In New York, there is a basic form that the subject of sealed records can sign that should give you more or less instant access to the files. You should inquire at the clerk's office of the court.
Your question represents a situation where the proper foundational steps may not have been taken prior to sealing a record, thereby putting you in a difficult position in the present where you would need access to the charges that were sealed and cannot. If you had obtained a certified copy of the CORI pre-sealing, you would have been able to show this document to DCF and may have saved yourself some time.
The Commissioner of Probation may respond to a direct request to unseal your record; another avenue is to petition a court to issue an order directing probation to unseal the record. Both are undertakings better done with the aid of an attorney. Relying on DCF to take care of this for you is a time-consuming and uncertain proposition. I would be happy to discuss the matter further with you.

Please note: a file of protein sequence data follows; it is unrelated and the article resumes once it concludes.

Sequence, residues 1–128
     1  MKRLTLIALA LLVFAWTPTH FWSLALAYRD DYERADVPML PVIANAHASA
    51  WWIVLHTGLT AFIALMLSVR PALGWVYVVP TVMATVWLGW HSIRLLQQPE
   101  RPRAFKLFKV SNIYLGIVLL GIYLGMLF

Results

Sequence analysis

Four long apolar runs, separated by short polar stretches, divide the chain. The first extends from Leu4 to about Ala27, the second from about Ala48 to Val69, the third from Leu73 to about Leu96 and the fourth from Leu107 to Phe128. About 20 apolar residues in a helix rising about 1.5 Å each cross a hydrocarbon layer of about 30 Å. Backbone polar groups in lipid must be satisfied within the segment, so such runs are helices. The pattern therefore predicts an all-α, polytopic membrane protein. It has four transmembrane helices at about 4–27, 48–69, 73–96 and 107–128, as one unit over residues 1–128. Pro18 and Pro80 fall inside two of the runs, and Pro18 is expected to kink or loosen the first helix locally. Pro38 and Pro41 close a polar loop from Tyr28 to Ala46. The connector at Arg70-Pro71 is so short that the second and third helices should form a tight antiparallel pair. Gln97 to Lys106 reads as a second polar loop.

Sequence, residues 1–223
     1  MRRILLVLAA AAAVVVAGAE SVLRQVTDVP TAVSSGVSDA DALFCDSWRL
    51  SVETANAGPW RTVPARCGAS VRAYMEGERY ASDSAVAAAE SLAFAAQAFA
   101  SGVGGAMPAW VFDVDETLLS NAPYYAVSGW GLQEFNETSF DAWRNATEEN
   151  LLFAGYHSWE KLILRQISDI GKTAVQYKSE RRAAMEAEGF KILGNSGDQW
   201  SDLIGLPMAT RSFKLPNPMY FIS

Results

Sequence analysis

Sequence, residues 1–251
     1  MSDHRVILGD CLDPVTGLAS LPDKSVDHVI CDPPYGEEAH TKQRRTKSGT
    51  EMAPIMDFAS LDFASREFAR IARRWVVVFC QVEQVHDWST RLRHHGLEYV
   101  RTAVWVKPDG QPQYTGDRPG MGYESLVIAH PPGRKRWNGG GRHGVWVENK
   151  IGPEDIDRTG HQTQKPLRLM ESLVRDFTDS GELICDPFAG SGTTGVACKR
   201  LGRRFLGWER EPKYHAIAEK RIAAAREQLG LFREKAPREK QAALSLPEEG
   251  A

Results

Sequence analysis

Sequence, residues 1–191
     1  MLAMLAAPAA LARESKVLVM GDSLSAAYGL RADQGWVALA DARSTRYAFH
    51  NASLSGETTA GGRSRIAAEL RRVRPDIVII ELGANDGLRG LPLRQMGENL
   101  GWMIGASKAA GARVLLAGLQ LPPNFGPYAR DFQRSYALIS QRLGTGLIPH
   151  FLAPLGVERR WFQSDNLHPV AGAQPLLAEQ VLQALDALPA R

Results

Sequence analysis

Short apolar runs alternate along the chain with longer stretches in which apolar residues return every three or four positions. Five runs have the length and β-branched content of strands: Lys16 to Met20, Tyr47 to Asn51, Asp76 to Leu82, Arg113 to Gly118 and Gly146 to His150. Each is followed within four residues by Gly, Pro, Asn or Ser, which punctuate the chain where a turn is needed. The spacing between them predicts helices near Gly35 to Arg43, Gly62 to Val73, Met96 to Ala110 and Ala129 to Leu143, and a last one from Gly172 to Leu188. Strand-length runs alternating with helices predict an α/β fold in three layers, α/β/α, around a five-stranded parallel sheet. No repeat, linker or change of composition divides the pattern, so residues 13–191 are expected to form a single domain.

Best of luck,
If DCF is able to get a report that says you have a sealed record, they should be able to access the sealed records. Sealed records still there and available to be viewed, usually to law enforcement officials.
I would suggest contacting the CORI unit as they may be able to give the best guidance.
DISCLAIMER: This answer is provided in response to a "hypothetical" question and provided for general, informational purposes and does not create an attorney/client relationship. The information presented is not legal advice and may change based additional information and research. It is recommended that you speak to an attorney to discuss your specific legal issues.